The Bill and Melinda Gates Foundation has announced a donation of $250 million (Ksh27.8 billion) to support the global fight against Covid-19.
A chunk of the funds will be channeled towards distribution of Covid-19 vaccines in Sub-Saharan Africa and South Asia.
The World Health Organization (WHO) had warned that African countries needed to urgently ramp up preparedness to effectively undertake mass vaccination drives.
Solomon Zewdu, Coordinator for Gates Foundation’s Covid-19 response in Africa, maintained that it was vital to get the vaccine to at least 780 million people on the continent.
“The focus right now is to say …how do we get those vaccines beyond the tarmacs of particular airports like, you know Addis Ababa airport, Kinshasa, Lagos into communities and immunize people. Unless that’s done then we haven’t done the work,” he told reporters.
Zewdu noted that the vaccine needed to be effectively financed to get to the “least appreciated corners of Africa.”
In a statement, Bill Gates noted that development of vaccines needed to be supported by global distribution to be truly impactful.
“We have new drugs and more potential vaccines than we could have expected at the start of the year.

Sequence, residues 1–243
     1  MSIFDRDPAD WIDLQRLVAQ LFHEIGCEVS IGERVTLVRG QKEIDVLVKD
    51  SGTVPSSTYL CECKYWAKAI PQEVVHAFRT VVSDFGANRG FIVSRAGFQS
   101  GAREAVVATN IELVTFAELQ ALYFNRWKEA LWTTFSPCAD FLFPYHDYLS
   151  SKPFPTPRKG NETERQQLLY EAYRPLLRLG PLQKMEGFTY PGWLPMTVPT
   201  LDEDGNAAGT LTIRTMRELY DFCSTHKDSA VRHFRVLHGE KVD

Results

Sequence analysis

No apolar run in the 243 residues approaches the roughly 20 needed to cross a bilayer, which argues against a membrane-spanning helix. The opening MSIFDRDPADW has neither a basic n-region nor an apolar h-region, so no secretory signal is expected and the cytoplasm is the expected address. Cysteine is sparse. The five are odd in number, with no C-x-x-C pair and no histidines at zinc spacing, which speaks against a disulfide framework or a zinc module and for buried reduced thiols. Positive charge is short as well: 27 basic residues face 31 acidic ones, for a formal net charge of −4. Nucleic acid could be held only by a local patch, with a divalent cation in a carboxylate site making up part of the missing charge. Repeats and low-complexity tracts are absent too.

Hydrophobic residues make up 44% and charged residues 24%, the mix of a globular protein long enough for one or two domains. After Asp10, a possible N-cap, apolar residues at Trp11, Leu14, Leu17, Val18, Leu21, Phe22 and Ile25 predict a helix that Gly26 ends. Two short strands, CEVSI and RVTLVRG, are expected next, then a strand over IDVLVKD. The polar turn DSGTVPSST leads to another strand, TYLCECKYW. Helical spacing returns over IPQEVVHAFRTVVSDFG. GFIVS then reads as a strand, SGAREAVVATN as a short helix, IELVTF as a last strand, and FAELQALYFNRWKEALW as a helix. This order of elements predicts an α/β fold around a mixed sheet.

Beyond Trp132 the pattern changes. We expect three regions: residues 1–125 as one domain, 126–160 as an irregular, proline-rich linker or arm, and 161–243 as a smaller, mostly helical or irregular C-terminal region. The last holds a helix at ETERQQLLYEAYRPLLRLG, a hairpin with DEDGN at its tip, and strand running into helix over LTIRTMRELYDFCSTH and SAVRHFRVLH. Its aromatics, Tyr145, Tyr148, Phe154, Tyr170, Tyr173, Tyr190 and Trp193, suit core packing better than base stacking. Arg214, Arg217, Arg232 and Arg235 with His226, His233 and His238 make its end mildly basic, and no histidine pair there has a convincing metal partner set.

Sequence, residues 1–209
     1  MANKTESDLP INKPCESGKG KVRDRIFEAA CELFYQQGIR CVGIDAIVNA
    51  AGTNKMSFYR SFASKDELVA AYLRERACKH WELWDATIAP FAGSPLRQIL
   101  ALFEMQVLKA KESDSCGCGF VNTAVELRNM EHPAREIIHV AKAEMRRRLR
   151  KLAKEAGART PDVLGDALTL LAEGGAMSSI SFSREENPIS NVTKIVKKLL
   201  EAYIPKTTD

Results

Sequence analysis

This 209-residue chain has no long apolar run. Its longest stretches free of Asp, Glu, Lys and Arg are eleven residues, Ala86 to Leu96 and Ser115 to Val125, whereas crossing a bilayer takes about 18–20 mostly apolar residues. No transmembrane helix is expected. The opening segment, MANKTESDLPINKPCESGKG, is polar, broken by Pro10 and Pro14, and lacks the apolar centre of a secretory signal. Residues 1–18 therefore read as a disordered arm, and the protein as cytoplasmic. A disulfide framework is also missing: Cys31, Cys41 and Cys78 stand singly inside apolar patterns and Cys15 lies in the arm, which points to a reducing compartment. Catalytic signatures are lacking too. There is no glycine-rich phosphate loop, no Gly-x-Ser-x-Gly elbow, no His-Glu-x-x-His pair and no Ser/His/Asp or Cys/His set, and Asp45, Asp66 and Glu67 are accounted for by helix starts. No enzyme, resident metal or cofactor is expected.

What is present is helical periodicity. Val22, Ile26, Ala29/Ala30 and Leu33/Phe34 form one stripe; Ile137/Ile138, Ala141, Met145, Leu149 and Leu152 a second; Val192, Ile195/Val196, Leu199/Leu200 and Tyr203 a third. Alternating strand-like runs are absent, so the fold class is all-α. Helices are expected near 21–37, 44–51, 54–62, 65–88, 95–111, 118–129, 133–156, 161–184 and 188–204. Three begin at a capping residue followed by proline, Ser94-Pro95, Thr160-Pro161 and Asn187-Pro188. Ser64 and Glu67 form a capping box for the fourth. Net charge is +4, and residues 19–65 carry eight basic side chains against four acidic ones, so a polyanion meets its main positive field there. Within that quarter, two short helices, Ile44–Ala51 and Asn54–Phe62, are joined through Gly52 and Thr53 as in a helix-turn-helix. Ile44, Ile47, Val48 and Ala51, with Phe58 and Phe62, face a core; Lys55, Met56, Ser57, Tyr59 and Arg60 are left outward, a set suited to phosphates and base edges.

“But these innovations will only save lives if they get out into the world,” he observed.
The WHO estimates that at least $5.7 billion (Ksh635.5 billion) is needed for delivery of the vaccine to “priority” population sectors in Africa, plus 15-20 per cent for delivery, syringes and other injection material.
The global body aims to have three per cent of Africans vaccinated by March 2021 and 20 per cent by the end of 2021.
It warned, however, that only a quarter of 47 countries surveyed on the continent were adequately prepared for the distribution.
“The largest immunisation drive in Africa’s history is right around the corner, and African governments must urgently ramp up readiness,” noted WHO Regional Director for Africa Matshidiso Moeti.
Kenya is considering the Oxford-AstraZeneca vaccine candidate over the Pfizer and Moderna vaccines.
According to Health Chief Administrative Secretary (CAS) Rashid Aman, the Oxford-AstraZeneca vaccine could be preferred as it does not require complex cold storage facilities.